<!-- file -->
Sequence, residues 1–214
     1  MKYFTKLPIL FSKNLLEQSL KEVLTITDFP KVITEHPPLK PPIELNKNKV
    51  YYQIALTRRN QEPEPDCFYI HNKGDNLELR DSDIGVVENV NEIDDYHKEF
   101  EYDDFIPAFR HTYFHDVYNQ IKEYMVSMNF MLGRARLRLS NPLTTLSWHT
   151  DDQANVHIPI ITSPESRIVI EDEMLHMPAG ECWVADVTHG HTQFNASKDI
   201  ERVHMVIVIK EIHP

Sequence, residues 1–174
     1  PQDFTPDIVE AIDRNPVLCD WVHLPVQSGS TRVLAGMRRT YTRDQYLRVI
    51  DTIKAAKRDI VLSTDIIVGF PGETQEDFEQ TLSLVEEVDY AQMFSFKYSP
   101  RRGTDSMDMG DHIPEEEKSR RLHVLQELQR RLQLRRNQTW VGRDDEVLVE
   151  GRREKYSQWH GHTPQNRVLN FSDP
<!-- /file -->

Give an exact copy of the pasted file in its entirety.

Sequence, residues 1–214
     1  MKYFTKLPIL FSKNLLEQSL KEVLTITDFP KVITEHPPLK PPIELNKNKV
    51  YYQIALTRRN QEPEPDCFYI HNKGDNLELR DSDIGVVENV NEIDDYHKEF
   101  EYDDFIPAFR HTYFHDVYNQ IKEYMVSMNF MLGRARLRLS NPLTTLSWHT
   151  DDQANVHIPI ITSPESRIVI EDEMLHMPAG ECWVADVTHG HTQFNASKDI
   201  ERVHMVIVIK EIHP

Sequence, residues 1–174
     1  PQDFTPDIVE AIDRNPVLCD WVHLPVQSGS TRVLAGMRRT YTRDQYLRVI
    51  DTIKAAKRDI VLSTDIIVGF PGETQEDFEQ TLSLVEEVDY AQMFSFKYSP
   101  RRGTDSMDMG DHIPEEEKSR RLHVLQELQR RLQLRRNQTW VGRDDEVLVE
   151  GRREKYSQWH GHTPQNRVLN FSDP